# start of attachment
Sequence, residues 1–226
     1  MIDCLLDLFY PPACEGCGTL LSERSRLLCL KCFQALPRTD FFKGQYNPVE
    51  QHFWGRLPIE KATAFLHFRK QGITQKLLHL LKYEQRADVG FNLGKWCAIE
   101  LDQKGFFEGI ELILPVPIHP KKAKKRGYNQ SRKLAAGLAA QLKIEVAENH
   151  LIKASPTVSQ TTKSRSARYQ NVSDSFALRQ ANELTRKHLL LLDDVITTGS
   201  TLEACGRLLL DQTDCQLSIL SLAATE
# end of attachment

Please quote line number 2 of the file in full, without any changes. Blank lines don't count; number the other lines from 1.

     1  MIDCLLDLFY PPACEGCGTL LSERSRLLCL KCFQALPRTD FFKGQYNPVE